How Japan has been arresting Western auto execs

Carlos Ghosn

Wherever possible, for obvious reasons, the auto industry works hard to stay out of a nation’s politics. But sometimes politics invades the auto industry, as in the case of former Renault-Nissan boss Carlos Ghosn. The 65-year-old Brazilian-born executive of Lebanese descent was arrested last November by Japanese police on charges of bilking the company out of millions through a retirement scam and a kickback scheme involving a Mideast Nissan distributor. Ghosn denies everything.

The case echoes the 2015 arrest of former Toyota communications chief Julie Hamp, another gaijin, or foreigner, elevated to a high position within a flagship pillar of Japan’s industrial economy. She was caught allegedly mailing herself doses of oxycodone to treat a bum knee. It’s a tightly controlled painkiller in Japan that is perfectly legal in the States with a prescription. After spending 20 days in the Tokyo hoosegow, Hamp was released, but her career at Toyota was over.

The Ghosn and Hamp cases seem to indicate that Westerners working in the executive suites of high-profile Japanese companies have targets on their backs. Nobody has produced any irrefutable evidence yet, but a lot of smoke seems to indicate that Ghosn and Hamp are victims of the embers of nationalism smoldering under current prime minister Shinzō Abe, who has pushed a sort of “Make Japan Great Again” agenda involving overhauling the economy and boosting the nation’s self-defense forces.

In Hamp’s situation, there were already rumblings on the Japanese right that Toyota chairman Akio Toyoda let too many foreigners into the inner sanctum of Japan’s most prominent company. It seems that a foreigner who was also a female was a bridge too far for some in Japan’s traditionally patriarchal society.

Ghosn may be more a victim of what the Japanese see as his own hubris. In 1999, Ghosn engineered the merger of Renault and Nissan as the Japanese automaker teetered on the verge of bankruptcy. At the time, Robert Lutz, later GM’s vice chairman, likened a buyout of ailing Nissan to taking $6 billion in gold bullion and sinking it in the ocean. However, both companies benefited from the merger, as Nissan got capital and Renault got access to platforms and technology as well as the highly profitable North American market.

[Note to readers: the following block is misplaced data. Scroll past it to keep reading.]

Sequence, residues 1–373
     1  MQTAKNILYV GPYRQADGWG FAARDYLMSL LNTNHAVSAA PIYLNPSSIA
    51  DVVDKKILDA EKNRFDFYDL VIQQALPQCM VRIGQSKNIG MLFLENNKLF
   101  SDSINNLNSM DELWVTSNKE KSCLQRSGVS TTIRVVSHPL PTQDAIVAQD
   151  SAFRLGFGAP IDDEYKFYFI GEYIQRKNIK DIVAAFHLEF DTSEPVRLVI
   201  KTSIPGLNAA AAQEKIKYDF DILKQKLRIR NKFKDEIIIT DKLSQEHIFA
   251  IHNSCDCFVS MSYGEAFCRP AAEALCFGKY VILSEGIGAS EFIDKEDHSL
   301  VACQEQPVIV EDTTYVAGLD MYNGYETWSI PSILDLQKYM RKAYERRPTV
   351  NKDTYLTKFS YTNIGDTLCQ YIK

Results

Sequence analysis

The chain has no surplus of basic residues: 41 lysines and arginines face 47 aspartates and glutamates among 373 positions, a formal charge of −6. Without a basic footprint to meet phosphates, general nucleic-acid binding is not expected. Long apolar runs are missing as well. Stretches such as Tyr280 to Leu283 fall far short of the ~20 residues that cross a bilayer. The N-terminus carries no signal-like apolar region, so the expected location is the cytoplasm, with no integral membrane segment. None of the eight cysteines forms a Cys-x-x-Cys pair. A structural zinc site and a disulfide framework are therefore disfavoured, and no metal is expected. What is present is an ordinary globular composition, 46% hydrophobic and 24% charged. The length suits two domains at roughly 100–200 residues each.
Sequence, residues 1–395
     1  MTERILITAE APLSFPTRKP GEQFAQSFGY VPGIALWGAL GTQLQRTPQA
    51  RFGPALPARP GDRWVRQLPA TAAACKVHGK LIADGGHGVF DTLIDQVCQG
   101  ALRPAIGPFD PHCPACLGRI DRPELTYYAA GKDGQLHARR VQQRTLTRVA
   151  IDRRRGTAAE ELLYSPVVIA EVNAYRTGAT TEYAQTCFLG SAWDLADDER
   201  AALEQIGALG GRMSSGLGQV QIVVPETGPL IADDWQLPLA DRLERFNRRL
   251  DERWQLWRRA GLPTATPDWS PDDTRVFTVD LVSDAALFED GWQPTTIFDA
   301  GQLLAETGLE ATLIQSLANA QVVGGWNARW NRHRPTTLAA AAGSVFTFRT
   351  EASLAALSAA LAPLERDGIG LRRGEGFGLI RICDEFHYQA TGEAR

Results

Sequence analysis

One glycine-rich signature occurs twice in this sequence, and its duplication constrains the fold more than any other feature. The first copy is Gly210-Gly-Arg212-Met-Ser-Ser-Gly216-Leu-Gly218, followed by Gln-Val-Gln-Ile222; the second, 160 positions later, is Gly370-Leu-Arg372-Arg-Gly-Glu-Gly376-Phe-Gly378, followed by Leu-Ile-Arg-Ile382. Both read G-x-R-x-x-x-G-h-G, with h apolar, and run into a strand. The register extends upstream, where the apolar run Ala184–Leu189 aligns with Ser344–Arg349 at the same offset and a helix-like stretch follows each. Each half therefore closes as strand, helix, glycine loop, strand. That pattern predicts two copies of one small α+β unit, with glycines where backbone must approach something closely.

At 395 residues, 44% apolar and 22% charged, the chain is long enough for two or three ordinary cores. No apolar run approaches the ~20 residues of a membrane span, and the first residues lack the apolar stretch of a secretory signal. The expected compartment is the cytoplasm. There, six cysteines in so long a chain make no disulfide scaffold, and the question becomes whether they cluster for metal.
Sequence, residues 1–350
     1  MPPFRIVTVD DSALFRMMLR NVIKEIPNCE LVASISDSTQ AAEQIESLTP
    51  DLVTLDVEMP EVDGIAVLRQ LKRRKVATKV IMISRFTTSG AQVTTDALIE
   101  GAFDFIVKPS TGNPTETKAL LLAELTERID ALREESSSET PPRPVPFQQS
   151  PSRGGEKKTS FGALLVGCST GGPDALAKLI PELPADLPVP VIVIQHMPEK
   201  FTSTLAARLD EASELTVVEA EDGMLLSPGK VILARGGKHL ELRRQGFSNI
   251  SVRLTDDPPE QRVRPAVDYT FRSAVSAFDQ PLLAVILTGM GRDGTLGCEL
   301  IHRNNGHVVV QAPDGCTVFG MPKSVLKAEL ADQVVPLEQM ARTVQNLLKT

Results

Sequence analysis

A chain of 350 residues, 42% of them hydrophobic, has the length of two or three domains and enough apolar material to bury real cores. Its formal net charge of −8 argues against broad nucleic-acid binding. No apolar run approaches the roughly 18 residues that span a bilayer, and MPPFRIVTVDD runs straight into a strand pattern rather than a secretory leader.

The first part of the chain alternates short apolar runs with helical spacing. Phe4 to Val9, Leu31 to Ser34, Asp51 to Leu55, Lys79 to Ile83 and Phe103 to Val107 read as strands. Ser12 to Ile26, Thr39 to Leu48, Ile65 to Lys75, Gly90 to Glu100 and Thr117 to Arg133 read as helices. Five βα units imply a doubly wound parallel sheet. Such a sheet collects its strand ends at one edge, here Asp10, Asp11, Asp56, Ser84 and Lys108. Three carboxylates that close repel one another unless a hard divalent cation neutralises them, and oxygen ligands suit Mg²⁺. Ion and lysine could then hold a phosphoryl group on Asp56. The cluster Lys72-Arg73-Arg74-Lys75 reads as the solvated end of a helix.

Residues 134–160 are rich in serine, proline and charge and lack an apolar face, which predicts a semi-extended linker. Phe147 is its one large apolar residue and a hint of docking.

Yet the Japanese apparently chafed under Ghosn’s empirical one-man control. They felt Nissan was being used as a profit plantation, its U.S. operations saddled with unreasonable volume targets and its dealers flogged mercilessly to move the metal. Meanwhile, instead of being invested in Nissan—note that the current GT-R is 12 years old and counting—those hard-won profits were being siphoned away to bolster Renault, which left the U.S. in 1987 and today operates as a quasi-governmental French jobs program selling mainly to the world’s low-margin markets.

Correspondence between Nissan execs and Japan’s ministry for trade and industry indicates that the coup against Ghosn hatched when the French government, already Renault’s largest shareholder, pushed for more control of the Renault-Nissan Alliance (renamed the Renault-Nissan-Mitsubishi Alliance in 2017 after it acquired a controlling stake in Mitsubishi). Shockingly, nobody at Nissan wanted to work Japanese-style 16-hour days for the glory of la République française. Ghosn’s former number one lieutenant, Hiroto Saikawa, seemed to let it all out when he told a Japanese news magazine this past March, “I seriously question if Mr. Ghosn has had any respect for Japanese people and Japanese society at all.”

Perhaps not, but as Jeffrey Sonnenfeld, an associate dean at the Yale School of Management, noted in a recent editorial, leaders of the Tokyo Electric Power Company have so far avoided jail time for the horrendous mismanagement of the Fukushima nuclear disaster, as have execs at Japanese supplier Takata following a global recall of its exploding airbags. Lives were lost and billions were spent to clean up those messes, yet it’s Carlos Ghosn who is paraded in front of the cameras in shackles.

Japan’s new rising sun seems to be creating a few dark shadows.

[This article originally ran in Hagerty magazine, the exclusive publication of the Hagerty Drivers Club. For the full, in-the-flesh experience of our world-class magazine—as well other great benefits like roadside assistance and automotive discounts—join HDC today.]